The Sanctuary of Asklepios at Epidaurus was the most celebrated healing center of the ancient world. A mortal physician deified by Zeus after his death for retrieving a patient from the underworld, Asklepios was typically depicted clutching a staff and flanked by a dog and a serpent - common symbols of wisdom. The authority and radiance of Asklepios as the most important healer god of antiquity brought to the sanctuary great financial prosperity, which in the 4th and 3rd centuries BCE, enabled the implementation of an ambitious building program for the construction of monumental buildings for worship and later, of buildings mainly secular in character such as its magnificent theater. This sanctuary was active from the 6th century BCE until at least the 2nd century BCE when the traveler-historian Pausanias recorded a visit.

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The theaterDesigned by Polykleitos the Younger late in the 4th century BCE, the theater is well known for its near perfect acoustics. Owing to the sanctuary's relative remoteness, its masonry was never pilfered. The theaterThe theater has the only circular orchestra (stage) to have survived from antiquity, though the alter that once stood in the center is now gone. Today the theater is still used for the summer festival of ancient drama. The paradosOne of the two paradoi, side corridors, of the theater. The parados gave the actors access to the stage; each had a monumental gateway whose pillars have now been reerected.
The theaterThe orchestra is 20 m (66 ft) in diameter. A semi-circular paved depression adjacent to the orchestra, 2 m (6 ft) wide, collects rainwater. Surrounding the central orchestra, the north-facing cavea (cavity) of the theater is 114 m (374 ft) across and is divided into blocks of 36 stairs. The theaterBehind the orchestra and facing the auditorium stand the remains of the skene (scene building), the main reception hall, and the proskenion, which was used by performers as an extension of the stage. The theaterThe lower 34 rows are original, dating to the 4th century BCE. The top 21 tiers were added in the Roman period. The walkway between the tiers of seats (kerkides) was called a diazoma.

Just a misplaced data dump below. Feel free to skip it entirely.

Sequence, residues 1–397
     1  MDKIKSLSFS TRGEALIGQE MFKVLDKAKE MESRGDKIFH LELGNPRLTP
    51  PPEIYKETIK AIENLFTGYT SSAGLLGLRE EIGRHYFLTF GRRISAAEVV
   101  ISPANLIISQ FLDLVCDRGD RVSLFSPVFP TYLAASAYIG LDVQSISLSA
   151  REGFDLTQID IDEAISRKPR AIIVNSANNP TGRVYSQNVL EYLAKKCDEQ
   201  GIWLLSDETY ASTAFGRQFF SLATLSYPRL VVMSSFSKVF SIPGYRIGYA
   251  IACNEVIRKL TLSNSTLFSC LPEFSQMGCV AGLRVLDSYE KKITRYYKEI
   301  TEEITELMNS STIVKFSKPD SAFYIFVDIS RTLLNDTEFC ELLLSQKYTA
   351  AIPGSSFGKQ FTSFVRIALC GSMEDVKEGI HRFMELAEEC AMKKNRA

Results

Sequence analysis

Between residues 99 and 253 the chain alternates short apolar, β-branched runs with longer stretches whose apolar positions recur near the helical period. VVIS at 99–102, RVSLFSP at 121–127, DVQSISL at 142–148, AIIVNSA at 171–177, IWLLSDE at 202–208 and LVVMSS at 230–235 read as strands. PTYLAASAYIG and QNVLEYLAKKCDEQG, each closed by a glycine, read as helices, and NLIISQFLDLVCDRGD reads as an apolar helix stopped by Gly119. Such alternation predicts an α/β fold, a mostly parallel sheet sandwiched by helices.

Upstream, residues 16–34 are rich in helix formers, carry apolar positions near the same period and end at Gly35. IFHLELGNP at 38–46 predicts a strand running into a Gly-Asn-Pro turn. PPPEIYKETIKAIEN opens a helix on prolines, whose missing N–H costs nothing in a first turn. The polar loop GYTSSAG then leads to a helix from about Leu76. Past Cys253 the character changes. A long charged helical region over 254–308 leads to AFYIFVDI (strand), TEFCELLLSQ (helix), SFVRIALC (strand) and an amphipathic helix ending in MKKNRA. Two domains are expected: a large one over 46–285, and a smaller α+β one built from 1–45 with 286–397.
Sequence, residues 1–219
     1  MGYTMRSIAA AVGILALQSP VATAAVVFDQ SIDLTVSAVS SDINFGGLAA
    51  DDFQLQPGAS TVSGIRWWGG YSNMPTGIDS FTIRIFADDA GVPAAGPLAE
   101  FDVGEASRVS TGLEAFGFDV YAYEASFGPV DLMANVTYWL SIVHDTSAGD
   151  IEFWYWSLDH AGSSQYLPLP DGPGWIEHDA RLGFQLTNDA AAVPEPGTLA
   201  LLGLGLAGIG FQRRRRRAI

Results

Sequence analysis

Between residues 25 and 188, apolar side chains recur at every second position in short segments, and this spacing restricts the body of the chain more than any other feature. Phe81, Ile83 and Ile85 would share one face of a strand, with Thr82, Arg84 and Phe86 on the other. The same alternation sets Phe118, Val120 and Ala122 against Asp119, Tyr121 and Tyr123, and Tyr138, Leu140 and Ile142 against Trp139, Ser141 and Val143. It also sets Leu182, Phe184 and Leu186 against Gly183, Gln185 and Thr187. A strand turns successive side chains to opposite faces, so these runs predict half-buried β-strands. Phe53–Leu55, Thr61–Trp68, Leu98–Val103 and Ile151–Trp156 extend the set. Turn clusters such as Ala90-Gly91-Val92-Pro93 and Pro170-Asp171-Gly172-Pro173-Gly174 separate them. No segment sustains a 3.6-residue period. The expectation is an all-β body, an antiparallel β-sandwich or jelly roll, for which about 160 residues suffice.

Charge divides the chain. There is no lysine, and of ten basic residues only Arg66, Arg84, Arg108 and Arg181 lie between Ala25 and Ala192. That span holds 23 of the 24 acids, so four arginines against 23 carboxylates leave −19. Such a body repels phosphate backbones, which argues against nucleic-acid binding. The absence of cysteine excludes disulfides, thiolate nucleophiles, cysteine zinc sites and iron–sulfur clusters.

Corinthian capitalCorinthian capital on display in the Archaeological Museum of Epidaurus. It was found in a fill below the foundations of the Tholos, buried there in antiquity. It is considered to be the "model" of the capitals of the inner colonnade of the Tholos, designed by Polykleitos the Younger. Statue of AsklepiosStatue of Asklepios. Plaster cast of the statue of god Asklepios, represented standing, with the sacred snake curling up on his stick. The original is exhibited in the National Archaeological Museum of Athens. Site plan of the Sanctuary of AsklepiosSite plan of the Sanctuary of Asklepios at Epidaurus.
GymnasiumThe sanctuary of Asklepios, showing the Gymnasium - a large square sculpture with well constructed ashlar exterior blocks. GymnasiumThe Gymnasium from a different angle. The sanctuaryGeneral view of the sanctuary of Asklepios.
The sanctuaryGeneral view of the sanctuary of Asklepios. Roman OdeionThe Roman Odeion at Epidaurus, with its semicircular orchestra and the substructure of the seats. The stadiumThe late Classical stadium with intact rows of stone benches and a starting line still visible. This stadium was used during the quadrennial festival in honor of Asklepios.

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